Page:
Poultry house interior

Chickens take turns at an automatic water dispenser in a poultry house. 

The climate crisis is intensifying. The most recent report out of the United Nations Intergovernmental Panel on Climate Change has outlined clear risks to people and the planet.

Critical ecosystems like the Chesapeake Bay, long an abused outlet for our region’s pollution, will face even greater threats under a changing climate. While some take to the streets in protest to demand action, others are content to double down and profit from the crisis.

Cue the Delmarva poultry industry.

Debate about the poultry industry’s polluting influence on our region is nothing new. Factory-farmed poultry in Maryland produces 400,000 tons of waste a year, according to research by my organization, Food and Water Watch, which has been sounding that alarm for years. There’s no disputing that an unacceptable amount of nitrogen from that waste ends up in the Chesapeake Bay.

Agriculture is the leading source of nitrogen and phosphorus loads to the Bay, producing toxic algae blooms and dead zones. Simply put, the industrialized factory farming model encourages the production of utterly excessive amounts of waste — and much of it ends up in our water. This needs to stop.

Now, the factory farm industry is claiming it can solve its own waste problem. They have dressed it up with the term “renewable natural gas,” but we prefer

to call it what it is: factory farm biogas. And the truth is, it’s all a ruse.

Factory farm biogas is a false solution to the poultry industry’s waste problem, and a false solution to the climate crisis. To create the gas, intermediary companies must concentrate massive amounts of poultry waste from factory farms and slaughterhouses into anaerobic digesters, where microbial processes, in the absence of oxygen, create methane from the waste. The company then refines the methane and transports it via truck to a pipeline.

This is not — repeat, not — “clean energy.” Biogas produced from factory farm waste is chemically indistinguishable from fracked gas. Both emit potent greenhouse gases when burned, and both rely on fossil fuel infrastructure for distribution — from pipelines carved through forestland to “bomb trucks” on our highways.

But the Maryland poultry industry has friends in high places. Thanks to industry lobbying, Maryland’s signature clean energy program, the Renewable Portfolio Standard, includes factory farm biogas as a “clean” energy source. And because ratepayer dollars earmarked in that program can finance projects in and out of state, that means Maryland utility customers would be funding a polluting waste-processing market that is propped up by a so-called clean energy program.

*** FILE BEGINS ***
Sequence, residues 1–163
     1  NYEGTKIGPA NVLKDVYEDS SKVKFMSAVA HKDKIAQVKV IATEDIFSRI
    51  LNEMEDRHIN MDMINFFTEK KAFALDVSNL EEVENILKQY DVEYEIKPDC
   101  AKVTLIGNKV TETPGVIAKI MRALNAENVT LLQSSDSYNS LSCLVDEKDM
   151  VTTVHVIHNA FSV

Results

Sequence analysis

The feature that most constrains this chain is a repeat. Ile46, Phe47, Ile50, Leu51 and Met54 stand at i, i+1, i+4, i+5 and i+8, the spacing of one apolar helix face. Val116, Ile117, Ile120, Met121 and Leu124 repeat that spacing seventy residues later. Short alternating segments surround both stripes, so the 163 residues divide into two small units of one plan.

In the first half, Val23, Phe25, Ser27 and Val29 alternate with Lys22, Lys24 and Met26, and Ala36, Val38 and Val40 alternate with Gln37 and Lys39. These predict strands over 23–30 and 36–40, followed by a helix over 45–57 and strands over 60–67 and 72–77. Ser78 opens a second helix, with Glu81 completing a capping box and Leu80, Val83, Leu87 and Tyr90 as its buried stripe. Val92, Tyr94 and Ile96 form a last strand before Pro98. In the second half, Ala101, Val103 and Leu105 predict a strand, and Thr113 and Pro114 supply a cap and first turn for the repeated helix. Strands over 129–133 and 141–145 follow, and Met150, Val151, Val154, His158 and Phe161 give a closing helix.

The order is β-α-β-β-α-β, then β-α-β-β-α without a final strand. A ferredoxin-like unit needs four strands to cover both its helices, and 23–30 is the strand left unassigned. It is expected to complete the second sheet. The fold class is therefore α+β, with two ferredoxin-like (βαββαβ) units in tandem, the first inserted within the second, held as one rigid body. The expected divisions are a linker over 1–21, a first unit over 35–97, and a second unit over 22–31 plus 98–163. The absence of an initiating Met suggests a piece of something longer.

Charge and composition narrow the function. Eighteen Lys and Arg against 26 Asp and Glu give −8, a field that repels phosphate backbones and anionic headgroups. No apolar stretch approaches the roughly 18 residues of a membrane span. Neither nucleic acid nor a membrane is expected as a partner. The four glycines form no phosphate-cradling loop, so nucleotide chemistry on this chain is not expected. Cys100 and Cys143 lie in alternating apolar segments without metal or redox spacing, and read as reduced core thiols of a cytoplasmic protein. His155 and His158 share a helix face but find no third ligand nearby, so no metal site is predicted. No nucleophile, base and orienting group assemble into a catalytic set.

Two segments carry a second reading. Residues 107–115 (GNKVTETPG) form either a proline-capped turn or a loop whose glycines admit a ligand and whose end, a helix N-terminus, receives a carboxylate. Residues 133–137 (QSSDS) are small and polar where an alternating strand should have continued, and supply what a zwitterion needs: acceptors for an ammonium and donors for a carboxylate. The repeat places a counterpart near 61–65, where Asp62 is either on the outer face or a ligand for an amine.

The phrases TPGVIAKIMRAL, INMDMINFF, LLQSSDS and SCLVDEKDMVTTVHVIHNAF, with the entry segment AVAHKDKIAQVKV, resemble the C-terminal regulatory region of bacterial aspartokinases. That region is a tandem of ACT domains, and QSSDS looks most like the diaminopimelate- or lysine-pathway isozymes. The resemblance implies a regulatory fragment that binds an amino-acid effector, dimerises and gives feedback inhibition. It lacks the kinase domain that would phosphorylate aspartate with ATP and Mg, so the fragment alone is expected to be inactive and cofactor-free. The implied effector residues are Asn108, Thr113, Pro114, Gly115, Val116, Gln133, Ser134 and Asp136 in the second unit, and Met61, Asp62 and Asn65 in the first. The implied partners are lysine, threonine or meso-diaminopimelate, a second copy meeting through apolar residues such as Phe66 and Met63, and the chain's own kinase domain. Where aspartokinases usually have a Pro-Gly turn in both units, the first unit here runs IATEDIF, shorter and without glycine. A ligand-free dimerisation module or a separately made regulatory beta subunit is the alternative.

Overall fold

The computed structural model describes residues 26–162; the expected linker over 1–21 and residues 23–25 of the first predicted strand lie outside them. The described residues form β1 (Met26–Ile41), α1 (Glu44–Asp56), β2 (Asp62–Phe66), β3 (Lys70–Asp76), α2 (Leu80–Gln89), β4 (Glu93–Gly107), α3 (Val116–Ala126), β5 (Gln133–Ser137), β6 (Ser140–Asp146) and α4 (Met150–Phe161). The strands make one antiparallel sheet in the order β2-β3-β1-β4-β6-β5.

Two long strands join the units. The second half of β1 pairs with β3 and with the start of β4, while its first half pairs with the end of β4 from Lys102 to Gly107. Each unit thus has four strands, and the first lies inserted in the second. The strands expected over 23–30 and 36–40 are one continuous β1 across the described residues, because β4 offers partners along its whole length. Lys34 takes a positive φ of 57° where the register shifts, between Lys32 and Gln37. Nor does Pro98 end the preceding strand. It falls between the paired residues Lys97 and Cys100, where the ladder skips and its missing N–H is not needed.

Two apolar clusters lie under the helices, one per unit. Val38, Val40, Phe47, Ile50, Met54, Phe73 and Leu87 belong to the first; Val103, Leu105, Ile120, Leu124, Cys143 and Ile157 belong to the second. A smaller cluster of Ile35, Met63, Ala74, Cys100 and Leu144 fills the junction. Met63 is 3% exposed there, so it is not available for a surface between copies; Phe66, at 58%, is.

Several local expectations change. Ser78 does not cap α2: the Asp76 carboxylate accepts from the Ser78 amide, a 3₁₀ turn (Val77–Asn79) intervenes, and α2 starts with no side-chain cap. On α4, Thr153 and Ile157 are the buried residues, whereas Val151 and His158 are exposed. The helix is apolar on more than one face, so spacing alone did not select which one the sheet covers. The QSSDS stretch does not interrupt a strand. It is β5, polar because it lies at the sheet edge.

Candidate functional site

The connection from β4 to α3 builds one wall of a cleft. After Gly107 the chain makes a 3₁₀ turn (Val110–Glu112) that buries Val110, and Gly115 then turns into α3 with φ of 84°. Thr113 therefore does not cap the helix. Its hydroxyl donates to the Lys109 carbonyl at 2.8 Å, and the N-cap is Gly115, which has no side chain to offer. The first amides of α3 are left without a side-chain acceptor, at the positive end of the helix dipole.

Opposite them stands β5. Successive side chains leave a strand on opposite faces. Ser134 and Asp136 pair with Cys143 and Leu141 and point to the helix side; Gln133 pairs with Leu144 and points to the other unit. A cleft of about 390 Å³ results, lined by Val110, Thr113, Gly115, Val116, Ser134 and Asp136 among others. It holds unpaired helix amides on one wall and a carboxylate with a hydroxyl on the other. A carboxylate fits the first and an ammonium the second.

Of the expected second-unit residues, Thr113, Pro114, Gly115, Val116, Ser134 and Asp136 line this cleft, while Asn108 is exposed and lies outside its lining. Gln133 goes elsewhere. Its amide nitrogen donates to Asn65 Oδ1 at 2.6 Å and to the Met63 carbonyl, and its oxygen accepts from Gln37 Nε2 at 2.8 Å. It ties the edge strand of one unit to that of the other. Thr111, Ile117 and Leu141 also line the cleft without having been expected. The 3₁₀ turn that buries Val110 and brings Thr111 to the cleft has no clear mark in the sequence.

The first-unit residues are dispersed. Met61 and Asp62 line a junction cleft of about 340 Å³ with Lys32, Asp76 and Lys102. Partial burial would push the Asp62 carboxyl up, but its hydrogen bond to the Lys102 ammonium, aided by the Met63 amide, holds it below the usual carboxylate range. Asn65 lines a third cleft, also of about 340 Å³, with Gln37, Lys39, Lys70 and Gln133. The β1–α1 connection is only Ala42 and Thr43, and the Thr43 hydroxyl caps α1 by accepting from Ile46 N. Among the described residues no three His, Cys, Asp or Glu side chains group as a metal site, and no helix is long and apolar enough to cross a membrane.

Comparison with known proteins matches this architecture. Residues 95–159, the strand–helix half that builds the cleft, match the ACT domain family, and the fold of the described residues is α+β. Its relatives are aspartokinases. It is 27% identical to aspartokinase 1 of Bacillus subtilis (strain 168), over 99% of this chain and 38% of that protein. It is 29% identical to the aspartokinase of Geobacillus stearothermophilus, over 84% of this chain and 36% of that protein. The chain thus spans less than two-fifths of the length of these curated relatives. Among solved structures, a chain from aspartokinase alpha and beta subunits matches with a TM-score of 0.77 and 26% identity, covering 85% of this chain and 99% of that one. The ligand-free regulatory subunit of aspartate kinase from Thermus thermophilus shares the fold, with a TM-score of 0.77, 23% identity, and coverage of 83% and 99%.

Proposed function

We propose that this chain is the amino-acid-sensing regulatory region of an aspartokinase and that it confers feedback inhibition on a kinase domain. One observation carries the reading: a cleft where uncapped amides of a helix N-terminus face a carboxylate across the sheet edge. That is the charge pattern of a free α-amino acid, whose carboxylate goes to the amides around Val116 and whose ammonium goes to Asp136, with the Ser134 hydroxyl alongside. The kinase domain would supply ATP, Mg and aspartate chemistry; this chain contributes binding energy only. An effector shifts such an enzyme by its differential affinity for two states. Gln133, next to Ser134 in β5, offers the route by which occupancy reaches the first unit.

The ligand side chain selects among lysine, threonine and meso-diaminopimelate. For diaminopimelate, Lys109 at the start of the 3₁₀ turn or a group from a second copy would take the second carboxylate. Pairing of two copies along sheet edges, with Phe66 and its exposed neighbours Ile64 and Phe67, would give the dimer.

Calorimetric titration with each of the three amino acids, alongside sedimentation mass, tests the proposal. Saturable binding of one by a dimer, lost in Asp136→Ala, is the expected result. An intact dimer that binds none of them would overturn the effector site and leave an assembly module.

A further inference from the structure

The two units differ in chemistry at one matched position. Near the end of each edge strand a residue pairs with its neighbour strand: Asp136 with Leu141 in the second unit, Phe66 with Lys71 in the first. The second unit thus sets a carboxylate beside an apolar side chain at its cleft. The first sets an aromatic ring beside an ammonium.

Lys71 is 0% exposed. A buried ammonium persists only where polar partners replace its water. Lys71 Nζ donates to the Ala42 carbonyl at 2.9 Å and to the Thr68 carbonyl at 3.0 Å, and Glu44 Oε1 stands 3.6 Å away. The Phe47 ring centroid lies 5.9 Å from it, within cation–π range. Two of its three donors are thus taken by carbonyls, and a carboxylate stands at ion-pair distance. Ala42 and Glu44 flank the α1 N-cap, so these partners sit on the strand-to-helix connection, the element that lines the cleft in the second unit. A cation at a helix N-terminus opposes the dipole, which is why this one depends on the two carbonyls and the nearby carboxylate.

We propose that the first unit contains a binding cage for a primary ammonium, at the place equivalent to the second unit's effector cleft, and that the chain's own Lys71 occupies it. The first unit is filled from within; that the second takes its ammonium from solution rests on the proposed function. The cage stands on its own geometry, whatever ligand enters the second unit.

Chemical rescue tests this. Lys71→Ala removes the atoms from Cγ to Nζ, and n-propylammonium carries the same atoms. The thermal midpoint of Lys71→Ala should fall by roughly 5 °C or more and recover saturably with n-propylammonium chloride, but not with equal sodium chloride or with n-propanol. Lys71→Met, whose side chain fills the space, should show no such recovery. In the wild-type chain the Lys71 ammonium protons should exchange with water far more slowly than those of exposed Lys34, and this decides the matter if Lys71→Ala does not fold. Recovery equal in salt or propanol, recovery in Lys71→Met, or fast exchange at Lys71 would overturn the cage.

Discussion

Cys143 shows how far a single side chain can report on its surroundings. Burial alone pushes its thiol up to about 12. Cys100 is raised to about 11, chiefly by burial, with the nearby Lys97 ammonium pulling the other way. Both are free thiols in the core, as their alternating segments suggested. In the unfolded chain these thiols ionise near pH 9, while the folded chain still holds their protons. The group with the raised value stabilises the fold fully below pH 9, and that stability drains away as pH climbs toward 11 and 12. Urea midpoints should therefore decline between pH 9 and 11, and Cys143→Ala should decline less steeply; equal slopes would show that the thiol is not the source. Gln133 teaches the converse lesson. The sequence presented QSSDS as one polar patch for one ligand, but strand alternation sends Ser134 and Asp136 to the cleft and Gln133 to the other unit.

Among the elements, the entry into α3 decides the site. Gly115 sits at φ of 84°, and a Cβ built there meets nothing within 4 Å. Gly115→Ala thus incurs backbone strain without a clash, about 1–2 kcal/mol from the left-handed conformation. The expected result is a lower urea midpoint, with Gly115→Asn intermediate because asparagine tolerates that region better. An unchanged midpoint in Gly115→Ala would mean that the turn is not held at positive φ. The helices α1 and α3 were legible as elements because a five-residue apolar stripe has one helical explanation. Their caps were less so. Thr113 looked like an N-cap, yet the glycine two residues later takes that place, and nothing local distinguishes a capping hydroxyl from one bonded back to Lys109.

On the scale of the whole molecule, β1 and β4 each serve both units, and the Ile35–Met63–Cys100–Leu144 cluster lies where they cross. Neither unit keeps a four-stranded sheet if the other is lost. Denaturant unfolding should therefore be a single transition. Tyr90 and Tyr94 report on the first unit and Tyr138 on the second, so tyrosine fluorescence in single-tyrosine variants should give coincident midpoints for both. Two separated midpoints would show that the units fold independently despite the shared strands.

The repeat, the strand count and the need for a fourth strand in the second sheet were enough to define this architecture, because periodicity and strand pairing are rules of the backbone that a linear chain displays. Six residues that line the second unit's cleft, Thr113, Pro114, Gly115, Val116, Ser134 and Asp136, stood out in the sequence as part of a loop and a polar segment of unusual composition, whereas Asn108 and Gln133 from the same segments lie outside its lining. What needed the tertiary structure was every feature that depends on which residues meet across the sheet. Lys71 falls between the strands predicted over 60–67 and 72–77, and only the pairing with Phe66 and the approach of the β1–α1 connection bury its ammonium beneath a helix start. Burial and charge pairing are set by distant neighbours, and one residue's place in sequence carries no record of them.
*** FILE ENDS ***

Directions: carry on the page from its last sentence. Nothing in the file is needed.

Two active proposals in Delaware are vying to become the country’s first poultry biogas facilities; Maryland dollars could fund both of them. A proposal by Bioenergy DevCo to build an anaerobic digester near Seaford, DE, has the local community and more than 35 statewide groups in an uproar. The second proposed digester, from CleanBay Renewables, would be built in Georgetown, DE. The likelihood that these projects will lead to an expansion of pipeline capacity in that region has made clear the lines being drawn on biogas projects — it’s people versus polluters.

A March poll from Goucher College revealed that a majority of Marylanders believe that climate change is having major impacts.

With 2022 an election year for the state’s entire General Assembly, as well as the governor’s office, candidates are actively debating how to move to a clean energy grid and do it quickly. But what they need to talk about more is what a clean energy grid actually looks like.

In 2020, more than a third of Maryland’s “clean energy” dollars went to polluting energy sources, according to a report earlier this year by Public Employees for Environmental Responsibility.

Setting goals for 100% clean energy is critical, but it must be married with appropriate definitions of what counts as “clean.” As the poultry industry vies for its share of public clean energy money, it is imperative that we close the definitional loopholes in Maryland’s Renewable Portfolio Standard.

Biogas from poultry waste is not clean energy — let’s stop acting like it is. Current elected officials and those running for office must commit to removing all polluting energy sources from the Renewable Portfolio Standard and cut the flow of Marylanders’ public money to factory farm filth.

Lily Hawkins is the Maryland organizer with the national environmental advocacy group Food & Water Watch.

The views expressed by opinion columnists are not necessarily those of the Bay Journal.

(2) comments

Jim C.

Biogas is carbon neutral. No fossil fuels are used. This article does not offer any solutions.

Tramme

factory farm filth

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